As well as the rattle itself which may be in the form of one or more bells, Georgian and Victorian rattles may include a teething ring, made of ivory or coral, and a whistle for blowing. Coral was believed to have medicinal properties, but on many rattles where previously present, it has been broken off and is missing. Often made of thin silver, Victorian rattles easily sustain damage such as tearing or denting, or have pieces missing.
An unusual Edwardian sterling silver child's rattle with mother of pearl handle and ivory teething ring, Birmingham 1909. Centre section of the rattle features a world globe. A/F a break in the silver ring that attaches the ivory teething ring to rattl
A Victorian Continental silver and ivory handled child's rattle, the rattle is fashioned as a turned column, with a whistle to one end, and an arrangement of suspended bells at the mid section, terminating in an ivory handle. 28gm.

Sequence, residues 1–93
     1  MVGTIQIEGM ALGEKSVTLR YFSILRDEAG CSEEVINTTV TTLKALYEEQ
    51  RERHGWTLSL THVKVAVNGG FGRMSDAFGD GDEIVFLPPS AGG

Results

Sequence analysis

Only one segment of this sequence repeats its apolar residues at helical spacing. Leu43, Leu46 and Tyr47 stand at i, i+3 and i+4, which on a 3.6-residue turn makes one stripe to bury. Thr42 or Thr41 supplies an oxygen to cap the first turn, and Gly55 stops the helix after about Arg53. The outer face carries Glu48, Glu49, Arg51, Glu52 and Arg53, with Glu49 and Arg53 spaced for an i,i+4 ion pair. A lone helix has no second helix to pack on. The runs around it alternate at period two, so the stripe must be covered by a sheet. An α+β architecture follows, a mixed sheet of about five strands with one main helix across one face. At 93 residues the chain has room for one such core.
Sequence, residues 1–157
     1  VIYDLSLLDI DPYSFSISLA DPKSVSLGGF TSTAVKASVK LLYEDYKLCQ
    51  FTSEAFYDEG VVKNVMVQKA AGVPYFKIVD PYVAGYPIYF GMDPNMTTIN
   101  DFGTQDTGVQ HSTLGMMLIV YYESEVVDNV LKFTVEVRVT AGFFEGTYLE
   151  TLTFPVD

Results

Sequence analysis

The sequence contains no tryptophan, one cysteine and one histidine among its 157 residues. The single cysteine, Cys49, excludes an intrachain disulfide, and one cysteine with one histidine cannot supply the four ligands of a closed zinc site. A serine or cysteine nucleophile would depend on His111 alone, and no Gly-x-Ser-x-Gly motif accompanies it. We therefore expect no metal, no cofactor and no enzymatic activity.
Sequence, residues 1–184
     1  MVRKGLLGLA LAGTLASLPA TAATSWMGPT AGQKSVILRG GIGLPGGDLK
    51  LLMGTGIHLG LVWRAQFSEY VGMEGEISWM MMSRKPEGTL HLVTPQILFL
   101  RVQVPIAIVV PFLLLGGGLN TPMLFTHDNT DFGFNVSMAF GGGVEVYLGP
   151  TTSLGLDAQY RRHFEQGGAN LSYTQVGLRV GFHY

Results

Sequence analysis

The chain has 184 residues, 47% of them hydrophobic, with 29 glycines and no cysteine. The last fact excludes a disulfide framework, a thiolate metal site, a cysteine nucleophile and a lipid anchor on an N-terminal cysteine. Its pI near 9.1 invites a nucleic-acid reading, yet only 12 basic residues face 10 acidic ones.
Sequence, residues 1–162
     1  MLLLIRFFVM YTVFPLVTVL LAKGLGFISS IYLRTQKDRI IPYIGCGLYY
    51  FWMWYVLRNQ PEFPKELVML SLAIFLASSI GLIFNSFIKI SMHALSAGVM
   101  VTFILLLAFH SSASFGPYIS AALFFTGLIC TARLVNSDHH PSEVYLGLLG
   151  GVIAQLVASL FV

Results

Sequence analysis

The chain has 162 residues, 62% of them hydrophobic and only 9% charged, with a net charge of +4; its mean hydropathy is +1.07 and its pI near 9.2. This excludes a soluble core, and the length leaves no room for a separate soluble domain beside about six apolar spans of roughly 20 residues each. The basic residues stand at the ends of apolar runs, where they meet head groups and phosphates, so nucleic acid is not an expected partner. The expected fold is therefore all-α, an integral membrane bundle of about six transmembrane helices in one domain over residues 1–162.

An early 20th century silver and mother-of-pearl baby's whistle/rattle/teether, the mother-of-pearl handle/teether with embossed silver end including a tapered whistle, two original bells hang from the sides. Unmarked. Length 8 cm.
A good Edwardian silver and mother-of-pearl baby's rattle/teething ring, the mother-of-pearl teething handle with silver mount and scrolling supports to the pierced ball supporting four original embossed bells. Birmingham 1905 by Crisford & Norris Ltd.
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